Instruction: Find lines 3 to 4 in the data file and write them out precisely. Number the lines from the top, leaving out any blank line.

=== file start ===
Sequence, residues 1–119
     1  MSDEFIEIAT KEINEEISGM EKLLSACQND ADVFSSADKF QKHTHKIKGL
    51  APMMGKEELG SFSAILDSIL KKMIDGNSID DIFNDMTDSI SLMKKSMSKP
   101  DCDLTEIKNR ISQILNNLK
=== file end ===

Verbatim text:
    51  APMMGKEELG SFSAILDSIL KKMIDGNSID DIFNDMTDSI SLMKKSMSKP
   101  DCDLTEIKNR ISQILNNLK